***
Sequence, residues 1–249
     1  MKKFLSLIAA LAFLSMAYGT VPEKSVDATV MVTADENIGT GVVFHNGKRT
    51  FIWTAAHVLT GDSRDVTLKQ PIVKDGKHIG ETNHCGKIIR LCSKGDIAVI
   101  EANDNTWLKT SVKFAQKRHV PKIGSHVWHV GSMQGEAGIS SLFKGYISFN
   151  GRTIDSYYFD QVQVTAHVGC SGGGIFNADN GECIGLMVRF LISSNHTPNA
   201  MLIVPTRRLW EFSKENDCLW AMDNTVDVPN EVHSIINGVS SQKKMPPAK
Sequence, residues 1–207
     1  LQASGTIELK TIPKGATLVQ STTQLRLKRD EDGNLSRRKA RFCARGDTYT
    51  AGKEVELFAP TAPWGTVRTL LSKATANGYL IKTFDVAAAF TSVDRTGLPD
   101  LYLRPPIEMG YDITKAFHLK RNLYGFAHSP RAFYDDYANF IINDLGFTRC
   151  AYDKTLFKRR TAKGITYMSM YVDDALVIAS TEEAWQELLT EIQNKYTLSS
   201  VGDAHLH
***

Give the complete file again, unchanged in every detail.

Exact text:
Sequence, residues 1–249
     1  MKKFLSLIAA LAFLSMAYGT VPEKSVDATV MVTADENIGT GVVFHNGKRT
    51  FIWTAAHVLT GDSRDVTLKQ PIVKDGKHIG ETNHCGKIIR LCSKGDIAVI
   101  EANDNTWLKT SVKFAQKRHV PKIGSHVWHV GSMQGEAGIS SLFKGYISFN
   151  GRTIDSYYFD QVQVTAHVGC SGGGIFNADN GECIGLMVRF LISSNHTPNA
   201  MLIVPTRRLW EFSKENDCLW AMDNTVDVPN EVHSIINGVS SQKKMPPAK
Sequence, residues 1–207
     1  LQASGTIELK TIPKGATLVQ STTQLRLKRD EDGNLSRRKA RFCARGDTYT
    51  AGKEVELFAP TAPWGTVRTL LSKATANGYL IKTFDVAAAF TSVDRTGLPD
   101  LYLRPPIEMG YDITKAFHLK RNLYGFAHSP RAFYDDYANF IINDLGFTRC
   151  AYDKTLFKRR TAKGITYMSM YVDDALVIAS TEEAWQELLT EIQNKYTLSS
   201  VGDAHLH